Monday, February 25, 2008
In my own Backyard: Planting Fields Arboretum, Oyster Bay, New York
Last week David Perry at "A Photographer's Garden" (see sidebar) posted pictures from a guest photographer, Willow, of the Camellia House at Planting Fields Arboretum. Planting Fields is an old haunt of mine. During my horticulture student days it was a one-stop laboratory of cultivated and native plants. At that time I was more interested in the care and culture of the individual plants and not the overall design of the plantings and park. So I was more than happy to spend an afternoon at Planting Fields revisiting the house and garden with my new eyes as an historian and designer rather than as just a grower of plants. I'll share with you a few interesting nuggets from my recent visit. First - the teaser shot... the main greenhouse, first built in 1914 and expanded after 1918 by James Frederick Dawson of the Olmsted Brothers firm. More on that later.
Historical synopsis: William Coe bought an extant house, designed by Grosvenor Atterbury with 460 acres of land in 1914. Guy Lowell designed the greenhouses and Andrew Robeson Sargent (son of Charles Springer Sargent) laid out the initial landscape for the Coes. The House burned down in 1918, the same year that Sargent died. William Coe hired Walker and Gillette to design a new Tudor Style country house and the Olmsted Brothers, James Fredrick Dawson, lead designer, to ammend the grounds, transforming it into an unmistakable Olmsted work.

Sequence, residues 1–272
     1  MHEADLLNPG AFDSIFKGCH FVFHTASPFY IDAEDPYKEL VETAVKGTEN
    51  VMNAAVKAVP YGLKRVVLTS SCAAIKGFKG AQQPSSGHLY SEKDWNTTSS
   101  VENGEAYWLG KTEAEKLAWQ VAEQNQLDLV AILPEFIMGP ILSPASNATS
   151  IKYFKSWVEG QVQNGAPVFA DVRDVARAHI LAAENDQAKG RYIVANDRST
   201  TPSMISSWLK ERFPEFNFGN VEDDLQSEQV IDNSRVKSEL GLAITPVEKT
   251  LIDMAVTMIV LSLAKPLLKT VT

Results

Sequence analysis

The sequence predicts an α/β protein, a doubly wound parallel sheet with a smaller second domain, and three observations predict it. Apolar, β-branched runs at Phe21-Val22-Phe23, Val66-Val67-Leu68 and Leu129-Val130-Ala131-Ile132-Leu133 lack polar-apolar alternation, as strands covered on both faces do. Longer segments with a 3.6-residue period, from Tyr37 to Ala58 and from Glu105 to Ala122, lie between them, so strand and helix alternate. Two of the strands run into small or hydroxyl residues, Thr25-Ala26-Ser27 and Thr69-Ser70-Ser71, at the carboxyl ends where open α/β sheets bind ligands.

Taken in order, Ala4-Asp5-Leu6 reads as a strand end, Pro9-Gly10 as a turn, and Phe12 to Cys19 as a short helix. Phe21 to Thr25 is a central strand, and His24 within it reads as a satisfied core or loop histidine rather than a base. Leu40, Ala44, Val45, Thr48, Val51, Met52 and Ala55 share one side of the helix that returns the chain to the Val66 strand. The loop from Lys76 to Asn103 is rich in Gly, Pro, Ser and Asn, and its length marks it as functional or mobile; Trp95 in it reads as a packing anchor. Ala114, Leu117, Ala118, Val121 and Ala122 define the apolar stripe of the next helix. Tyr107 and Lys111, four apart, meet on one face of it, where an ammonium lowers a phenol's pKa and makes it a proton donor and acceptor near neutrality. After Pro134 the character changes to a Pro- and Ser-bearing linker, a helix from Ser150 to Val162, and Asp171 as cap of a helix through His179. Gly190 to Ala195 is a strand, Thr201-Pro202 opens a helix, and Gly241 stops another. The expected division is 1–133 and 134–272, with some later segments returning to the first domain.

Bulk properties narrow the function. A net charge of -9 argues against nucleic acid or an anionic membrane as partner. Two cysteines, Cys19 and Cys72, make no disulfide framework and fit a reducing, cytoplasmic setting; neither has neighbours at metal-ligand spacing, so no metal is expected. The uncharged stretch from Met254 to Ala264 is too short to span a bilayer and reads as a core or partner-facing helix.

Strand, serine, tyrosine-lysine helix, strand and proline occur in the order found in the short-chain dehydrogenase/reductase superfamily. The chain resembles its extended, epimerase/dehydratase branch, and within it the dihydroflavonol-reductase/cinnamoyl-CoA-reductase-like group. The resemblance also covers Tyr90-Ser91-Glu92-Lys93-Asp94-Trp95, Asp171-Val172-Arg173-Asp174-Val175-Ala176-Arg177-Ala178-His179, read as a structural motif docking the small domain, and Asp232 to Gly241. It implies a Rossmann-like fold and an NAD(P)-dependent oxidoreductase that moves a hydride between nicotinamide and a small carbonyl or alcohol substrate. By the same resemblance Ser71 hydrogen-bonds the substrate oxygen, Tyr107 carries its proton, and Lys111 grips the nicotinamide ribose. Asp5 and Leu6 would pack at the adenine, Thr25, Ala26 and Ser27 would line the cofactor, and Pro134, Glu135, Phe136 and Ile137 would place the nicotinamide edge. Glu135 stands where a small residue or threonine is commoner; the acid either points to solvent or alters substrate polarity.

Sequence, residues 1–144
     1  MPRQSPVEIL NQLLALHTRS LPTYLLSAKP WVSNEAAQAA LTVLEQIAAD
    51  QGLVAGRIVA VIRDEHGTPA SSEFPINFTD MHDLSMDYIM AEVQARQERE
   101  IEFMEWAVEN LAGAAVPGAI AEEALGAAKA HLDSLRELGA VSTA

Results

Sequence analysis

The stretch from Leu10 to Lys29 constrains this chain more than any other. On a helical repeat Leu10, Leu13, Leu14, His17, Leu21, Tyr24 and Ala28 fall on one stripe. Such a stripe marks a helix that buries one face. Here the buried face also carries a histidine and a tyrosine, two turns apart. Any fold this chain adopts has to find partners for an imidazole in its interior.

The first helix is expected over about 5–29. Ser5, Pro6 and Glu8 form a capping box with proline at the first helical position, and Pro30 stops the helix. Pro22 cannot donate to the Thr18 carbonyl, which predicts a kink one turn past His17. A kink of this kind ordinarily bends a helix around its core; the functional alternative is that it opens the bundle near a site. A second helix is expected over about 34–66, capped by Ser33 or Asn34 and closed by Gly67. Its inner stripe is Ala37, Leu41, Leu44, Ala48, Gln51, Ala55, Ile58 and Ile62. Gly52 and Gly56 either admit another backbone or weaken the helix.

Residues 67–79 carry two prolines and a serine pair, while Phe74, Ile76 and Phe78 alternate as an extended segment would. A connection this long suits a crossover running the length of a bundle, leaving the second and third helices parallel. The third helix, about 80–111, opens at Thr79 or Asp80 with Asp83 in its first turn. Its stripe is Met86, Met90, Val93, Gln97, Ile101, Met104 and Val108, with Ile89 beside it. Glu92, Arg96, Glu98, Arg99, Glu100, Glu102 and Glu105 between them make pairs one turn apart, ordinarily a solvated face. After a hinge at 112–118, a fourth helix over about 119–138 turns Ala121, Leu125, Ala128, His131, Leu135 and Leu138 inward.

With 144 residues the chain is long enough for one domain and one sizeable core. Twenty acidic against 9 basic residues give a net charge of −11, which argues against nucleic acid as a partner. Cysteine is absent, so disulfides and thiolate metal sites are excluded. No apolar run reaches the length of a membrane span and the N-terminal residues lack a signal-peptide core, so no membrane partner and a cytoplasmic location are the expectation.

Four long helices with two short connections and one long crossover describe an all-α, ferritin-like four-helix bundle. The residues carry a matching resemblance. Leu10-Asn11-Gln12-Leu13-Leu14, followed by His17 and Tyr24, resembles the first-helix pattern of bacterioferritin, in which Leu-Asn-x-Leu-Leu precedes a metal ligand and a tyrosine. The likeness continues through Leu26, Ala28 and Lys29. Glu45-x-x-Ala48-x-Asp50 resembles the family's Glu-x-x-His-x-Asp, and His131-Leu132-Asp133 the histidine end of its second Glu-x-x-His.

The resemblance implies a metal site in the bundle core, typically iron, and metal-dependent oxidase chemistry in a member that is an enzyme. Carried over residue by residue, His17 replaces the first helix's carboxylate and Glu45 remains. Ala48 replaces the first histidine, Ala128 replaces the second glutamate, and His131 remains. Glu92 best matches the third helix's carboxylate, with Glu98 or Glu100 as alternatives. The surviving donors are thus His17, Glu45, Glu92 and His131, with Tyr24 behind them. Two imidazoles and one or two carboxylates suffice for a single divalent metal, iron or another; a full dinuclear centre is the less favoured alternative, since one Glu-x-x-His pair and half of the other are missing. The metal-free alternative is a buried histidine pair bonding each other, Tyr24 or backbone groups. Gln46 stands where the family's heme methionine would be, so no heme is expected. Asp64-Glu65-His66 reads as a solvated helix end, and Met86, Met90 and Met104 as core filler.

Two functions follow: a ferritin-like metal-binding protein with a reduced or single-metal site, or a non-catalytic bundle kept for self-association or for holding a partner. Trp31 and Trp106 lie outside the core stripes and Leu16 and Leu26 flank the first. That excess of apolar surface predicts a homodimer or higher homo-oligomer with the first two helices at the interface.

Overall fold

Here's one facet of the property that I expored during my visit that, in my opinion, reflects the brilliance of the Olmsted view. Follow the progressive changes in the landscape from the distance view of the Beech Copse to a more intimate experience of beech trees. (sorry folks, Blogger is not cooperating with the photo progression). Dawson draws the line from the specimen weeping tree, a linden I believe, to the beech copse in the distance. I was compelled to follow the line to the copse and finally stand surrounded by beeches. From the copse I walked around the perimeter of the lawn through dwarf conifer gardens and a holly walk. Just lovely. I did finally walk back to the camellia house for my annual visit. The camellias were only about a quarter in bloom so I may have to go back next week - rough!